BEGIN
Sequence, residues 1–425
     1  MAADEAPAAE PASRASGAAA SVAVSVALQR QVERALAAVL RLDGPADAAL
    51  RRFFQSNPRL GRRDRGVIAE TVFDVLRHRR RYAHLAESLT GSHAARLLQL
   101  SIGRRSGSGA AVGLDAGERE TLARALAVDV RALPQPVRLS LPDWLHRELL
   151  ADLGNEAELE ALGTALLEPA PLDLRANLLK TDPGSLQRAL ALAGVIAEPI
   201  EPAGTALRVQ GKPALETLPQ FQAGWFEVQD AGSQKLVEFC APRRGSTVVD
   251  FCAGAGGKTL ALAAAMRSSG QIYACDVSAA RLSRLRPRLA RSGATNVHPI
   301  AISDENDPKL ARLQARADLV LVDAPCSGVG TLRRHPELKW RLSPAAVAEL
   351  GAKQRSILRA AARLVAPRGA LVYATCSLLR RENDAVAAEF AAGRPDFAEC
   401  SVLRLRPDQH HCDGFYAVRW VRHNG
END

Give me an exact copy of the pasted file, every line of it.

Sequence, residues 1–425
     1  MAADEAPAAE PASRASGAAA SVAVSVALQR QVERALAAVL RLDGPADAAL
    51  RRFFQSNPRL GRRDRGVIAE TVFDVLRHRR RYAHLAESLT GSHAARLLQL
   101  SIGRRSGSGA AVGLDAGERE TLARALAVDV RALPQPVRLS LPDWLHRELL
   151  ADLGNEAELE ALGTALLEPA PLDLRANLLK TDPGSLQRAL ALAGVIAEPI
   201  EPAGTALRVQ GKPALETLPQ FQAGWFEVQD AGSQKLVEFC APRRGSTVVD
   251  FCAGAGGKTL ALAAAMRSSG QIYACDVSAA RLSRLRPRLA RSGATNVHPI
   301  AISDENDPKL ARLQARADLV LVDAPCSGVG TLRRHPELKW RLSPAAVAEL
   351  GAKQRSILRA AARLVAPRGA LVYATCSLLR RENDAVAAEF AAGRPDFAEC
   401  SVLRLRPDQH HCDGFYAVRW VRHNG